“NAN is mandated to work with all political parties and all levels and therefore we will continue to push for meaningful dialogue with the elected officials of Ontario,” said NAN Grand Chief Stan Beardy.

Dalton McGuinty’s Liberals managed to secure a third straight mandate, but fell just shy of a third straight majority. The Liberals had won 53 ridings, one short of the 54 needed for a majority. The Liberals had captured 37.6 per cent of the popular vote, with the Progressive Conservatives close behind at 35.4 per cent. NDP support was at 22.7 per cent.

Read more

Northern [Ontario] leaders are determined to be heard – by Wayne Snider (Timmins Daily Press – September 27, 2011)

 The Daily Press, the city of Timmins newspaper. Contact the writer at

“The North has the potential to be one of the wealthiest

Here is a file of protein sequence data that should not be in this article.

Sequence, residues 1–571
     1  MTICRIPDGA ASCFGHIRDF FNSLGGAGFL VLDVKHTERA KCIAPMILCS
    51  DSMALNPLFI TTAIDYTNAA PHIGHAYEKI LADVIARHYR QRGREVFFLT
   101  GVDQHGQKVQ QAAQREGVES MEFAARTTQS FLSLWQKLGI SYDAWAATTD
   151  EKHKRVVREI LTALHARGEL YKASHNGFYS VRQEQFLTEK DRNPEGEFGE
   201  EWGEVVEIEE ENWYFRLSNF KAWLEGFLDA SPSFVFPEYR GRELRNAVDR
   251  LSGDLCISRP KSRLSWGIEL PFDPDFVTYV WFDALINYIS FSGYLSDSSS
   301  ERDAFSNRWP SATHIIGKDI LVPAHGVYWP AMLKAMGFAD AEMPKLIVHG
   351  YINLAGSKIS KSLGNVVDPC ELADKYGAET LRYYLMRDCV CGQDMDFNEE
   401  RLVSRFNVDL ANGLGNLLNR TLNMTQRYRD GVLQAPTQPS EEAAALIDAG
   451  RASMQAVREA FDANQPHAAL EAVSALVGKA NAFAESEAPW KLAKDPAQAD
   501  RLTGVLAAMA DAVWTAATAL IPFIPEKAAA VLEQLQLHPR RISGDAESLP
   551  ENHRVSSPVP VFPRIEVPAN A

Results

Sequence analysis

regions in the world. Yet we are not permitted to realize
the full benefits of our natural resources — while the
federal and provincial government rake in big time tax
revenues. (Wayne Snider – Timmins Daily Press)

Tired of being ignored by provincial politicians

Municipal leaders in Northeastern Ontario are hungry for political change at the provincial level. But the change they desire is over and above what happens in the Oct. 6 election.

They want the North to be taken seriously in Queen’s Park. It is a tall order, given the fact that only 11 of the 107 seats in the provincial legislature are based in Northern ridings. In terms of voting support, which is what political parties really care about, the North isn’t a significant player at the provincial level.